2. In the Computer Management dialog box that appears, go to Services and Applications, and select CYGWIN sshd.

    3. Right-click CYGWIN sshd and select Properties.

    4. In the Properties dialog box, go to the Log On tab.

    5. Here, specify the domain/username and password. Click Apply.

    6. Run C:\cygwin\Cygwin.bat, and execute the following:

      chown <USERNAME> /var/log/sshd.log
      chown -R <USERNAME> /var/empty
      chown <USERNAME> /etc/ssh*
      chmod 755 /var/empty
      chmod 644 /var/log/sshd.log
      

      Note:

      If /var/log/sshd.log does not exist, you do not have to execute the following commands:
      chown <USERNAME> /var/log/sshd.log
      chmod 644 /var/log/sshd.log
      
  7. Perform one of the following steps to start the SSH daemon:

    Run C:/cygwin/Cygwin.bat and execute the following command:

    /usr/sbin/sshd

    OR

    Run C:/cygwin/Cygwin.bat and execute the following command:

    cygrunsrv -S sshd

    Note:

    Use cygrunsrv -E sshd to stop the SSH daemon.
  8. You can now test your cygwin setup.

    To do this, go to a different machine (that has the ssh client running), and execute the following command:

    ssh -l <USERNAME> <localhost> 'date'
    
    OR
    
    ssh -l <USERNAME> <this node> 'date'
    

    For example,

    ssh -l pjohn egal07.db.funds.com 'date'
    

    This command will prompt you to specify the password. When you specify the correct password, the command should return the accurate date.

Setting Up SSH on Microsoft Windows Using sshUserSetupNT.sh

Note:

Before executing the sshUserSetupNT.sh script, execute the following commands to ensure the home directory has been correctly set:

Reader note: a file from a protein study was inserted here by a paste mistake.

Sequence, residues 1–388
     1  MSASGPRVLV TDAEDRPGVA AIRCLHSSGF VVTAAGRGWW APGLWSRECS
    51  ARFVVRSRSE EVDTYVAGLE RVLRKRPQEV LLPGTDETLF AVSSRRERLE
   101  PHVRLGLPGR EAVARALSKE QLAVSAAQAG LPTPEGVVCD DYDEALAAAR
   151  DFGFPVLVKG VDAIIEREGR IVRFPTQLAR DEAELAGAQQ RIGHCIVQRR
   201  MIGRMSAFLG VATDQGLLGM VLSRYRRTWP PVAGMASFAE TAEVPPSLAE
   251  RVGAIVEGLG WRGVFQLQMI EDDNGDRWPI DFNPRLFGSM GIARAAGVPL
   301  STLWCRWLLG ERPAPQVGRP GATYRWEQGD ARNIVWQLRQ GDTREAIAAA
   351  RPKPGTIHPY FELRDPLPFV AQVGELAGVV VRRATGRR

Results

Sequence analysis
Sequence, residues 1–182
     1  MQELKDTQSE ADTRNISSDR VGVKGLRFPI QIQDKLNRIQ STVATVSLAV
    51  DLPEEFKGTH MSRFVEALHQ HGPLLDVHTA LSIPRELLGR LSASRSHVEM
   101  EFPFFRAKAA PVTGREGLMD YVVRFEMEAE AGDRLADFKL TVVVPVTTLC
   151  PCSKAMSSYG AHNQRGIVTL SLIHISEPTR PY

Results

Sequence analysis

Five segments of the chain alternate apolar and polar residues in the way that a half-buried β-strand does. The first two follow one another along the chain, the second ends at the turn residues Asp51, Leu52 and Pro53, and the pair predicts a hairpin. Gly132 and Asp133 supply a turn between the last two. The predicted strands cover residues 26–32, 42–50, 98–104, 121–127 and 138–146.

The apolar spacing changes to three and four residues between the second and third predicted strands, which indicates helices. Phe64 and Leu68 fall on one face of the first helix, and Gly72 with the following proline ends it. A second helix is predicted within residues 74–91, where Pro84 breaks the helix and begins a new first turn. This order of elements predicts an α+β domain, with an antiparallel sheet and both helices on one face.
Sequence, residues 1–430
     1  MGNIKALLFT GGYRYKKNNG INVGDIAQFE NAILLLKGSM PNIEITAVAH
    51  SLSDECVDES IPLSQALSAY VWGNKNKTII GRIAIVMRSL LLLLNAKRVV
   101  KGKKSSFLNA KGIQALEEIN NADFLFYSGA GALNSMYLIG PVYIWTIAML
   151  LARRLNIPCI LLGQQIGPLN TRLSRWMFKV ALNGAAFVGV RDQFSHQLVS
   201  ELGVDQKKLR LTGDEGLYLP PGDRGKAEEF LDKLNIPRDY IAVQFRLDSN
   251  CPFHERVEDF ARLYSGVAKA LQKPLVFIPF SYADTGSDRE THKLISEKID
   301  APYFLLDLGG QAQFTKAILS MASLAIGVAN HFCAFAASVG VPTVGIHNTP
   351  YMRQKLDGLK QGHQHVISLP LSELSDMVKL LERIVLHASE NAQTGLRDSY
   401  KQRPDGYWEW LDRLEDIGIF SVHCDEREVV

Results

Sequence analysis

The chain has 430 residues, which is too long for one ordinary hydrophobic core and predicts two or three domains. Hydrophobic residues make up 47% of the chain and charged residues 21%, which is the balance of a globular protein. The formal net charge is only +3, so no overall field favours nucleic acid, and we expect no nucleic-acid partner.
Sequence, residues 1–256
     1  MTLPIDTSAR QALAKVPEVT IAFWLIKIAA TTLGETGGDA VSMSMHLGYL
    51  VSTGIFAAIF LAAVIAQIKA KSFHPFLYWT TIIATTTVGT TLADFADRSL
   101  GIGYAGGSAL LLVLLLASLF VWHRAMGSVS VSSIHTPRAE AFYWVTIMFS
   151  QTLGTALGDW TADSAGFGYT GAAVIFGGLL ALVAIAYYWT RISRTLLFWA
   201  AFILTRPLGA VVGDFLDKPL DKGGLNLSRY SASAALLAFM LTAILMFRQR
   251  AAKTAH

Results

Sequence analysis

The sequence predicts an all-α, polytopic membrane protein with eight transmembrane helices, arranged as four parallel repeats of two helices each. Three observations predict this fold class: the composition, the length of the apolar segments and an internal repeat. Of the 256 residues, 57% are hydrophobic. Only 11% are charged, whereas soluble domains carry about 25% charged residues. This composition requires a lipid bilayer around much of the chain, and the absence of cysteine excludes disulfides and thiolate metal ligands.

1. Execute echo $HOME

    Ensure this displays the home directory of the current user.

  2. If it points to the home directory of another user, execute the following command:

    export HOME=<Windows style absolute path of homedir>
    
  3. Now, execute echo $HOME again, to verify the home directory. The $HOME value must be the same as that passed to -homeDir

This is the script that should be executed to set up SSH on Microsoft Windows operating systems. The usage of the script is as follows:

./sshUserSetupNT.sh -user -asUser -asUserGrp -sshLocalDir -homeDir -hosts -hostfile 

Note:

After the SSHUserSetupNT.sh script has been executed, you must verify the successful SSH user setup on all the hosts, individually.

That is, if you have run the script to set up SSH on two hosts (host1, and host2), you must run the following command on each host to verify successful SSH setup:

ssh -l <username> host1 'date'

and then run:

ssh -l <username> host2 'date'

Caution:

You must execute the sshUserSetupNT.sh script on the local OMS machine from within the cygwin (BASH) shell only. The script will fail to execute if done from outside this location.

All the previously mentioned options are mandatory, and should be passed while executing the script.

Note:

It is assumed that C:\cygwin is the default installation directory for the Cygwin binaries.

If you install cygwin at a location other than c:\cygwin (default location), it can cause the SSH setup to fail, and in turn, the agent installation will fail.

To work around this issue, you must either install cygwin in the default directory (c:\cygwin), or update the ssPaths_msplats.properties file with the correct path to the cygwin binaries. The ssPaths_msplats.properties is available in <OMS_INSTANCE_HOME>/sysman/prov/resources/.

Description

This script is used on Microsoft Windows operating systems to set up SSH from the host on which it is run to the specified remote hosts. After this script is run, you can use SSH to execute commands on the remote hosts, or copy files between the local host and the remote hosts without being prompted for passwords or confirmations.

The list of remote hosts and their user names are specified as command-line parameters to the script.

  • -asUser

    This is the user of the local machine on which the setup must be performed. For example, SYSTEM.

  • -asuserGrp

    This is the group to which the specified asUser belongs.

  • -sshLocalDir

    This is the full path to the directory where the keys should be generated for the asUser on the local machine.

  • -homeDir